Branch Bill, Schultz, Bruce | 7/21/2006 9:40:58 PM
VIDALIA – Louisiana farmers for years have focused more on drainage than irrigation. But practices have changed with changing weather.
LSU AgCenter experts provided irrigation ideas at a seminar in Vidalia recently (July 18). They said irrigating crops in Louisiana can boost profits and provide insurance against crop failure.
Farmer Rodney Matthews of Ferriday said he would like to apply some of the irrigation techniques on his 100-acre soybean farm.
"I may do it," Matthews said. "I’ve got some ridges I think I can irrigate."
Matthews said it seems rainfall has become less dependable. "When I was first coming up, we didn’t worry about rain," he said.
Dr. Bill Branch, LSU AgCenter irrigation specialist, said Northeast Louisiana producers have more experience with new irrigation technology adopted in Arkansas and Mississippi.
"When I want to learn about new irrigation techniques, I come to Concordia Parish," Branch said.
Glenn Daniels, LSU AgCenter county agent in Concordia Parish, said he views irrigation in the same light as car insurance.
"In this farm economy, you can’t afford a wreck," Daniels said, adding that this year has been an especially difficult one because of dry conditions.
LSU AgCenter economist Dr. Kurt Guidry said studies have shown irrigation can benefit farmers under certain circumstances.
Guidry said a seven-year analysis of irrigated soybeans shows the practice can increase yields and profits adequately to justify the expense. He said fields in the LSU AgCenter soybean verification program that were irrigated had an average yield of 50.8 bushels, a 10-bushel increase over non-irrigated fields. That translated into an increase in returns above variable production costs of $38 an acre, he said.
In other news about irrigation provided during the field day, Dr. Joe Massey of the Mississippi State University Plant and Soil Sciences Department said Mississippi rice growers reduced irrigation costs by as much as 62 percent with such practices as straightening levees, using polyethylene tubing and laser leveling.
"These are producer fields – not research station plots," Massey said.
The Mississippi expert said farmers are reluctant to try polyethylene tubing because they’ve heard it is difficult to install.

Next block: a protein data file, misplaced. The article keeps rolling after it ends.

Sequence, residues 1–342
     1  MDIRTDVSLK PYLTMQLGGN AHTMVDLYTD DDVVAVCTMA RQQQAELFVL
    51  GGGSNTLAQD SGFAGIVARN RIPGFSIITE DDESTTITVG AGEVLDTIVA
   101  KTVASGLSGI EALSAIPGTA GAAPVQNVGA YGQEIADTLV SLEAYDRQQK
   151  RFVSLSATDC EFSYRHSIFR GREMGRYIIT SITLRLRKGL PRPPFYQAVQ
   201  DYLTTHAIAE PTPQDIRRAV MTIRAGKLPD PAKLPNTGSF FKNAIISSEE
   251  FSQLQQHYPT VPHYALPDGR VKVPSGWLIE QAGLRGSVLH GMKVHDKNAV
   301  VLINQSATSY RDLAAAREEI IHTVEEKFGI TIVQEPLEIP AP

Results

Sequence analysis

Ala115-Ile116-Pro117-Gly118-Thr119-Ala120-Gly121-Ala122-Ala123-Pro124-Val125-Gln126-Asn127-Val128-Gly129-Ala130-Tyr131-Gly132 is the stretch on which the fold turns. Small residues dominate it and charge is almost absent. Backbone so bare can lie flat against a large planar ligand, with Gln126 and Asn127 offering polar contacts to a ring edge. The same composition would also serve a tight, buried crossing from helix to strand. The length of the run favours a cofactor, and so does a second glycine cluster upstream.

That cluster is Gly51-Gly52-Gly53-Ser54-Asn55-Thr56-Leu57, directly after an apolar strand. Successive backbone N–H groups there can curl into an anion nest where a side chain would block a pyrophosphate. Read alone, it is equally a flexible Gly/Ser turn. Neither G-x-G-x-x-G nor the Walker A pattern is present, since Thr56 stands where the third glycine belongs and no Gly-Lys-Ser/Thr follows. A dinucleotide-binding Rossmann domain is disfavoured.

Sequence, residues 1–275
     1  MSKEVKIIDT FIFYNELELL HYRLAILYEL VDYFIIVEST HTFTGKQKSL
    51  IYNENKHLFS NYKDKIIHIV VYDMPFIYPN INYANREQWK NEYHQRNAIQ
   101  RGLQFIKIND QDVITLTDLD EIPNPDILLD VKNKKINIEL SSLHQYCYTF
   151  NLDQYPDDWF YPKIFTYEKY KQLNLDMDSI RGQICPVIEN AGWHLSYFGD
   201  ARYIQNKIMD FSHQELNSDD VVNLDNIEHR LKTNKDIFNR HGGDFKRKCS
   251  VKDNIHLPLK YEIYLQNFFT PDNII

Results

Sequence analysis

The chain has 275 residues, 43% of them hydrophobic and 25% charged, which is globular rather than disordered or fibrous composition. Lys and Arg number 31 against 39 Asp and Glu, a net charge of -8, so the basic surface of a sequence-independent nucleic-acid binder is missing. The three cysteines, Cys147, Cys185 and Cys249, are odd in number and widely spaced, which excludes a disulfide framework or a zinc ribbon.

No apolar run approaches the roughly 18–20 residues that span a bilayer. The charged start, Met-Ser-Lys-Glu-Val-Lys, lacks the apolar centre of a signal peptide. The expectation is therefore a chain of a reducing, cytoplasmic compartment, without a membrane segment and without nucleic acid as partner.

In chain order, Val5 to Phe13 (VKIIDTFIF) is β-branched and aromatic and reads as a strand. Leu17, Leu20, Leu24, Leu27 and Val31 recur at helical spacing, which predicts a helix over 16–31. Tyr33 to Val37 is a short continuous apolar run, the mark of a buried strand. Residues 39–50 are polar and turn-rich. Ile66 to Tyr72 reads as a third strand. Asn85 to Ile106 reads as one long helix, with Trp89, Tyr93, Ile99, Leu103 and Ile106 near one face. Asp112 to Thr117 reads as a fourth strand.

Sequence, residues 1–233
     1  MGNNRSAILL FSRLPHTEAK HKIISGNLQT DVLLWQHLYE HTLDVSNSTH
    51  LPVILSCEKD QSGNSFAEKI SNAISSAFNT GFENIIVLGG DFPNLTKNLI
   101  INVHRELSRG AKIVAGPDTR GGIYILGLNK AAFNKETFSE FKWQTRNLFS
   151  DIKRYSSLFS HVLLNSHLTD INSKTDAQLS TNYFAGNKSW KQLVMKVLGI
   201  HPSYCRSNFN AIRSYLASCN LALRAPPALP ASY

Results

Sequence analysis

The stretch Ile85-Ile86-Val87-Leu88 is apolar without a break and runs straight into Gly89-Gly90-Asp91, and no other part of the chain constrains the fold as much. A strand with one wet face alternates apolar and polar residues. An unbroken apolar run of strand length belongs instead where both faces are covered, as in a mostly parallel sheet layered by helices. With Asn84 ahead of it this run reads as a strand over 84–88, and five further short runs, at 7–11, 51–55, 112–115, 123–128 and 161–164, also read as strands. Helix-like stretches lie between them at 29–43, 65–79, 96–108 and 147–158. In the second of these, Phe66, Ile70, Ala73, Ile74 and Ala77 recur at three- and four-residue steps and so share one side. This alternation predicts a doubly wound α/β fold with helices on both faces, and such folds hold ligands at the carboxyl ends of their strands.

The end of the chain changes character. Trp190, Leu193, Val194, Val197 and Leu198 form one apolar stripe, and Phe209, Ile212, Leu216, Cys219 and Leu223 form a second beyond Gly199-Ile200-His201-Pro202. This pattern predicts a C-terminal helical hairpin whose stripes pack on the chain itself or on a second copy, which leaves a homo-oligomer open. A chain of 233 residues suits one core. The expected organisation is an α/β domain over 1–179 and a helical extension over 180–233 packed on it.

"I can tell you, if I can do it, anyone can do it," Massey said. "Over time, maybe there will be more adoption of the poly tubing."
A tour of the Angelina Plantation in Concordia Parish showed how poly tubing can be used to irrigate cotton, soybeans and rice planted on level-basin– or zero-slope– and low-slope, precision-graded fields.
Dr. Dean Pennington of the YMD Water Management District in Stoneville, Miss., also reported 2005 data that showed six rice fields leveled to zero grade used less than half as much water as eight rice fields irrigated with the traditional contour levee system.
Tommy Ellett, a partner in the Angelina Plantation, said further irrigation efficiency improvements are planned with a tail-water collection system to store water for re-use after it runs off fields.
"Our goal is to continuously use our tail water and never let it leave the farm," Ellett said.
Ellett said new regulations are likely that will penalize Louisiana farmers for releasing silty water from their fields into watersheds.
Branch agreed with that prediction.
"We’re going to have to get serious about the tail water we are losing, and reduced pumping cost is a strong incentive to recycle irrigation water," Branch said.
LSU AgCenter rice specialist Dr. Johnny Saichuk also said poly tubing is particularly good on long, narrow fields that typically require days for flooding.
"I’d like to see more of this on rice fields," he said.
Noble Guedon of Concordia Parish has used poly tubing this year on his rice crop.
"We haven’t had any problem with it," he said. "I like it."
Guedon advised installing the pipe in deep trenches to prevent the pipe from rolling once it is filled with water.
In related news, Saichuk said he has seen a lot of red rice in fields this year.
"I saw a lot of dirty fields because they couldn’t get the water on soon enough," Saichuk said. "To me, there’s no sense having a crop suffer from the lack of water when that (a pump) is sitting right there, whether it’s corn or beans."